Friday, March 25th 2016 4:17 am by Aleph Johnston-Bloom
ARCHIVED ADVISORY - All advisories expire after 24 hours from the posting date/time.
The avalanche danger is CONSIDERABLE at Treeline (below 2500’) where glide avalanche activity has been especially active in the last three days. Natural wet loose avalanches in steep terrain are also possible in the mid elevation zone and human triggered wet loose avalanches are likely. Cautious route-finding and terrain evaluation are essential today. Avoid being under the runout of glide cracks.
In the Alpine above 2500’ the avalanche danger is MODERATE, where triggering a cornice, wind slab or wet loose avalanche are possible.
|Show the Complete North American Avalanche Danger Scale|
|Travel Advice: Heightened avalanche conditions on specific terrain features. Evaluate snow and terrain carefully; identify features of concern.|
|Travel Advice: Dangerous avalanche conditions. Careful snowpack evaluation, cautious routefinding and conservative decision-making essential.|
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They keep going and going and going... The glide avalanche cycle in the advisory area continued yesterday. Observers saw new glide avalanches; new cracks appearing and existing glide cracks growing. These are on all aspects in the mid-elevation band (1000'-2500'). Please avoid spending any time underneath glide cracks. The glides are taking over the landscape. Poor visibility today may make it harder to see where they are. It is important to note that Seattle Ridge is littered with them and it is hard to travel without being in the line of fire.
Glide crack and avalanche activity on Seattle Ridge yesterday.
Yesterday temperatures reached the 47F at 1880', and for the fifth night in a row the mid elevation zone remained above freezing with rain falling overnight. Wet loose natural activity was observed yesterday on all aspects. Observers in the Girdwood Valley reported it being very easy to trigger loose wet snow avalanches and once moving that they were quickly building mass and momentum.
Today’s weather forecast is for rain showers that will add moisture to an already wet snowpack and may cause natural wet loose avalanches. In addition, if the sun pokes out at all, it could also be a trigger for natural activity.
Today a skier or snowmachiner triggering a wet loose avalanche will be likely below 2500’ on slopes steeper than 35 degrees. Wet avalanches once initiated can entrain more snow rapidly and are very hard to get out of. They can be particularly hazardous if they push you into a terrain trap and bury you deeply. If your skis or snowmachine are sinking deep into wet snow this is an obvious clue that the snow is unstable. Stick to low angle terrain and avoid runout zones where avalanches from above may catch you.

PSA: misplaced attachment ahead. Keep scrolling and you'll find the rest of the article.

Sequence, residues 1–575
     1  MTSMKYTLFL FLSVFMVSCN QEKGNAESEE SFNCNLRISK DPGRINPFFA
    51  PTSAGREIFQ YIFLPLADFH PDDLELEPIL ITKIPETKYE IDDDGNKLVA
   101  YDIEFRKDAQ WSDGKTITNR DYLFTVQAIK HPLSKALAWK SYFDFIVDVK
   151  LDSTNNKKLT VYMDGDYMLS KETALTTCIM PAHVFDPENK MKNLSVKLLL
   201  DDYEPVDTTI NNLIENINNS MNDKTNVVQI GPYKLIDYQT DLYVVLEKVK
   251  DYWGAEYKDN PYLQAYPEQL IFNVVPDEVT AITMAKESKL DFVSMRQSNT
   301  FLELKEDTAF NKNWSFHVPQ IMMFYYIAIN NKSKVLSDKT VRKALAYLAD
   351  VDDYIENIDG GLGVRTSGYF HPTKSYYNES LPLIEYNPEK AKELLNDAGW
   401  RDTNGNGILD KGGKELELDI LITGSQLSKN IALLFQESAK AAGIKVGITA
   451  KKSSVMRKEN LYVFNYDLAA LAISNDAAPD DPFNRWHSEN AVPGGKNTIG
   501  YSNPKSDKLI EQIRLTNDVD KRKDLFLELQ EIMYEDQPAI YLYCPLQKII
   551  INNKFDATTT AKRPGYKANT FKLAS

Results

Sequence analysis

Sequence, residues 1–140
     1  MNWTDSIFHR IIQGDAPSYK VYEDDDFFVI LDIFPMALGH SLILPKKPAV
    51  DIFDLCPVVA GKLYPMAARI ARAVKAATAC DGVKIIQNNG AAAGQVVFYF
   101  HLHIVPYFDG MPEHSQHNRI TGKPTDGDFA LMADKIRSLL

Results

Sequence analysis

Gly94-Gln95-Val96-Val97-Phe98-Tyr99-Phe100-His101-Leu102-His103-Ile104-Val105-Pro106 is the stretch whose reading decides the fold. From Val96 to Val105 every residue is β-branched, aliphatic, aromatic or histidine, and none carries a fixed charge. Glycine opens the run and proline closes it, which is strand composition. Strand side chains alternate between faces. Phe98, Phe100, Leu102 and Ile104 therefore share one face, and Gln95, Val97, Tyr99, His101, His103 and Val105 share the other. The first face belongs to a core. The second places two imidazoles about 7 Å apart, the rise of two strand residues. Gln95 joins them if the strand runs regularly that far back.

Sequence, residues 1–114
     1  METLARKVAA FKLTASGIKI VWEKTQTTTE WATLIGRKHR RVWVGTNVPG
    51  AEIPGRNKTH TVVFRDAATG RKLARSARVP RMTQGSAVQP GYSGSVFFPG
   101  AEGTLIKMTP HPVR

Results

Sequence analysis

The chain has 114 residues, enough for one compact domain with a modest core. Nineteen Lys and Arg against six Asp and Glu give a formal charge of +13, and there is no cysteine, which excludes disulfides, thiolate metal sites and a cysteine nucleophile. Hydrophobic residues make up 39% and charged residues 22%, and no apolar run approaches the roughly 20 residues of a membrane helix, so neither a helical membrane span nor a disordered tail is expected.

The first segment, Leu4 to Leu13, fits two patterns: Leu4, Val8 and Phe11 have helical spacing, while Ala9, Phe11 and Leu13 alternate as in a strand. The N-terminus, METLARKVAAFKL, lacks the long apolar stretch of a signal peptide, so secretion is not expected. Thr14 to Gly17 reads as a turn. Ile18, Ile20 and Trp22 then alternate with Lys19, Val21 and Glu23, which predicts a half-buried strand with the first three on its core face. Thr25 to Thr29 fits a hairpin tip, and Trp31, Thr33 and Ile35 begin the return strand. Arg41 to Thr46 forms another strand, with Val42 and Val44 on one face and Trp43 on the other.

Wet loose activity on the West Face of Lipps.
Wind slabs and Cornices:
There may be some new snow and wind today creating new tender wind slab and/or adding weight to old lingering wind slabs and enormous cornices in the Alpine. Watch for cracking in steep wind-loaded areas and avoid travel on or under cornices. Today’s continued warm temperatures will make cornices more likely to fail.
Yesterday was partly cloudy with light to moderate easterly winds. Temperatures were in the low 30Fs @ 3000' and the 40Fs @ 1000'. There were a few light rain showers. The clouds rolled in overnight and brought rain to the advisory area up to appoximately 2000'.
Today will be mostly cloudy with rain and snow showers throughout the day. 0-2" of snow possible (.2" of h2o). Temperatures are forecasted to be in the 40Fs at 1000' and low 30Fs @ 3000'. The sun may shine through at some point. Winds will be 15-25 mph from the southeast with locally higher gusts.
Saturday may bring a break in the showers as a ridge moves over the area before another storm impacts the forecast region into next week. Stay tuned for the temperatures and precipitation type associated with the system. The NWS forecast used the words "somewhat murky forecast for south central" in the discussion last night.
PRECIPITATION 24-hour data (6am - 6am)
|Temp Avg (F)||Snow (in)||Water (in)||Snow Depth (in)|
|Center Ridge (1880')||39||rain||.4||126|
|Summit Lake (1400')||37||rain||.5||41|
|Alyeska Mid (1700')||36||rain||.2||104|
RIDGETOP 24-hour data (6am - 6am)
|Temp Avg (F)||Wind Dir||Wind Avg (mph)||Wind Gust (mph)|
This is a general backcountry avalanche advisory issued for Turnagain Arm with Turnagain Pass as the core advisory area (this advisory does not apply to highways, railroads, or operating ski areas).
Riding status is not associated with avalanche danger. An area will be open to motorized use in accordance to the Forest Management Plan when snow coverage is adequate to protect underlying vegetation. Backcountry hazards including avalanche hazard are always present regardless of the open status of motorized use areas.
(Updated: Jan 28, 2019 )
|AREA||STATUS||WEATHER AND RIDING CONDITIONS|
|Lost Lake Trail:||Open||Please stay on trail to avoid resource damage through forested areas.|
|Primrose Trail:||Open||Please stay on trail to avoid resource damage through forested areas.|
|Resurrection Pass Trail:||Closed||Closed for the 2018/19 season. Next season will be open to motorized use.|
|South Fork Snow River Corridor:||Open|
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